Anyone But You Review (2023)
Director: Will Gluck
Screenwriters: Ilana Wolpert, Will Gluck
Starring: Sydney Sweeney, Glenn Powell, Alexandra Shipp, GaTa, Hadley Robinson, Michelle Hurd, Dermot Mulroney, Darren Barnet, Rachel Griffiths, Bryan Brown
Sydney Sweeney and Glen Powel have chemistry for days in Anyone But You, a delightful romantic comedy that is both hilarious and endearing. While the heyday of the rom-com may be behind us, Anyone But You has come along to inject some much-needed life back into the genre, reminding us all how fun it is to fall in love at the movies. Amid a shifting cinema landscape, in which Marvel’s decade-long box office dominance seems to be waning, this mid-budget sex comedy is a breath of fresh air for audiences who are looking for something a little raunchy and totally swoon-worthy.
Following in the footsteps of She’s the Man and Ten Things I Hate About You, which are based upon Shakespeare’s “12th Night Night” and “The Taming of the Shrew” respectively, Anyone But You is a loose adaptation of “Much Ado About Nothing,” Shakespeare’s comedy of errors centered around deception, lies and disguises as a way to mock the conventions of courtly, romantic love.
Bea (Sweeney), a law student at Boston University, meets Ben (Glen Powel), who works in finance for Goldman Sachs, in a coffee shop one day. Bea is desperately trying to use the restroom but is told the bathrooms are for paying customers only. To make matters worse, there’s a very long line to the cash wrap. Bea is saved by Ben, who is at the front of the line, and sparks fly immediately. They eventually go back to his place where they talk all night, revealing parts of themselves they don’t normally show to anyone, like Bea’s uncertainty about becoming a lawyer and Ben’s grief over losing his mom. They eventually fall asleep in each other’s arms, but come morning Bea panics and leaves without waking Ben up. When she reconsiders and comes back, she overhears Ben, who is clearly hurt that Bea left, telling his friend Pete (GaTa) how much of a mess she is and how glad he is that she’s gone.
Six months later, Bea and Ben, who are both nursing grudges against each other based on this miscommunication, meet again at a bar, where they learn that Bea’s sister Halle (Hadley Robinson) is dating Pete’s sister, Claudia (Alexandra Shipp). Claudia and Halle later become engaged and plan to have their wedding in Sydney, Australia. Bea, who has now dropped out of law school and broken up with her fiance, meets Ben once again on the plane ride and soon learns that they’ll have to spend the entire trip together, in the same house. Hijinks ensue.
While “Much Ado About Nothing” uses satire and irony to get its point across, Anyone But You is played mostly straight. The film takes its general premise, along with several character names, from the play, but that’s about as far as the film goes in regards to adapting it. The film does have moments of self-awareness, though, especially when it comes to poking fun at tried and true genre tropes, like the obligatory ‘go get the girl’ moment. Anyone But You knows it’s a romantic comedy, but instead of winking at us, it reminds us why those films work in the first place. It’s similar to director Will Gluck’s 2010 teen comedy Easy A, which was partly based on “The Scarlett Letter” and paid homage to teen films of the 80s like Say Anything and Ferris Bueller’s Day Off. Anyone But You stops short of directly acknowledging popular romantic comedies of the past, but When Harry Met Sally is an obvious influence on the film. Having Dermot Mulroney, who starred in 1997’s My Best Friend’s Wedding with Julia Roberts, play Bea’s father, felt like a nod as well.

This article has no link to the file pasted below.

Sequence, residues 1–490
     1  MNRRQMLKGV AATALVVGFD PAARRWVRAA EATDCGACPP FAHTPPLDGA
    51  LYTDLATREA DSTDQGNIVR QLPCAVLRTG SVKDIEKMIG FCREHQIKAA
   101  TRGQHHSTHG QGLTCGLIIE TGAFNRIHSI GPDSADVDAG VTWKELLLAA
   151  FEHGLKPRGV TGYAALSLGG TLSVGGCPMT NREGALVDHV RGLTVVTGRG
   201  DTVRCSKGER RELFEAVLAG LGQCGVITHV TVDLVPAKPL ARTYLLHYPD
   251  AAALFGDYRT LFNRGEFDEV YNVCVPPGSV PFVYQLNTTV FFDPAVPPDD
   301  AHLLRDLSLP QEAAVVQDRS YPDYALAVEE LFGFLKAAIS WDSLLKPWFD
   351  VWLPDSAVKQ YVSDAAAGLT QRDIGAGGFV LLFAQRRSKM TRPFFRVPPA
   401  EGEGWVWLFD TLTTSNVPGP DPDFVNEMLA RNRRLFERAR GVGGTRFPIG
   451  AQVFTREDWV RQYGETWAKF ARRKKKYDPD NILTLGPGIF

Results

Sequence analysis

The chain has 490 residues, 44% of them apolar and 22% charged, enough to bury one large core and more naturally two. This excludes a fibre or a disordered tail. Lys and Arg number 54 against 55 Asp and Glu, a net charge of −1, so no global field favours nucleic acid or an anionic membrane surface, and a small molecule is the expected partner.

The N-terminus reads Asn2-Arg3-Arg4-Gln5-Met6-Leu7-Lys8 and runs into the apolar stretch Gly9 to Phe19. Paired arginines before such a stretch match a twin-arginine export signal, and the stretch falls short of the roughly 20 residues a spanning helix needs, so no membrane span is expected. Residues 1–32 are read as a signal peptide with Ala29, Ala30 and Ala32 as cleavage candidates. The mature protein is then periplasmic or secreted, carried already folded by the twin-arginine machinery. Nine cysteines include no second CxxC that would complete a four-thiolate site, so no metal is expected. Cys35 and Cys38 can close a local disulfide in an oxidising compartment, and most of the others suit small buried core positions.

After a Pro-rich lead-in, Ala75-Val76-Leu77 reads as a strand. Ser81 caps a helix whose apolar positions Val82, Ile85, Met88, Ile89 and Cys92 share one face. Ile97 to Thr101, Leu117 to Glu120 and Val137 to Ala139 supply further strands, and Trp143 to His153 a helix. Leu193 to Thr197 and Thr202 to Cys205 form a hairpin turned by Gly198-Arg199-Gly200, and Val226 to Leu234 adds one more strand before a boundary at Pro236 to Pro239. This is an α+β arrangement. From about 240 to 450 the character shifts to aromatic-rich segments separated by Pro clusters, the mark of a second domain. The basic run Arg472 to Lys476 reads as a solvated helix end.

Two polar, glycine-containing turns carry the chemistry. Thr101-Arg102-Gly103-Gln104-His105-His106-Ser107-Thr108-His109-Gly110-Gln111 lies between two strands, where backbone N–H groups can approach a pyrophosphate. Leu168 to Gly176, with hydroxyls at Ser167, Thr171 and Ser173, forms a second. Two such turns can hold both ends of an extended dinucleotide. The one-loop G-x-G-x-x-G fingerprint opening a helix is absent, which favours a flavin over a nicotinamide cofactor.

Easy A proved to be a breakthrough role for Emma Stone, and the same can be said for Sydney Sweeney in Anyone But You, who also serves as a producer on the film. While both Sweeney and Powell were on their A game for this movie, it’s Sweeney who truly shines. Known for her emotional and heavy work on HBO’s ‘Euphoria‘ and Hulu’s ‘A Handmaid’s Tale,’ Sweeney gets a chance to stretch her legs in Anyone But You, showing off her slapstick comedy skills. It helps, of course, that the script itself, co-written by Gluck and Ilana Wolpert, is hilarious, with jokes packed into every page. There’s no shortage of wacky moments, and it’s entirely possible to laugh through the entire film. Absurd moments, like when Bea finds a spider down Ben’s shorts while on a hike and Ben strips naked in panic, are perfectly balanced with sincere moments of connection and understanding, like when Bea sings Ben’s serenity song, Natasha Bedingfield’s “Unwritten”, to calm his fear of heights.
The script does have its flaws, though. It’s a bit thin in places, and characters like Jonathan and Margaret are severely underdeveloped. Their relationships with Bea and Ben are never explored beyond the surface level and because of that, the emotional stakes don’t feel as high as they could be. Their break ups lack clarity and neither Jonathan nor Margaret ever feel like actual competition. This doesn’t break the film, though, because it positions Ben and Bea’s own self-doubt, insecurities, and miscommunications as the real obstacles to their relationship. As far as the rest of the supporting cast goes, rapper GaTa is an absolute scene stealer as Pete, whose every line reading can only be described as perfect. His scenes with Bryan Brown, who plays Pete’s stepfather, Roger, are some of the best in the film.
Anyone But You takes a tale as old as time, with recognizable tropes and characters, and updates it for contemporary audiences. The film manages to balance it’s humor and heart, paying homage to some of the most popular romantic comedies while still telling its own story. Sweeney and Powell’s star chemistry is like a lightening rod, reminding us that love, in all its ridiculous, heartbreaking and hilarious glory, is something that never gets old.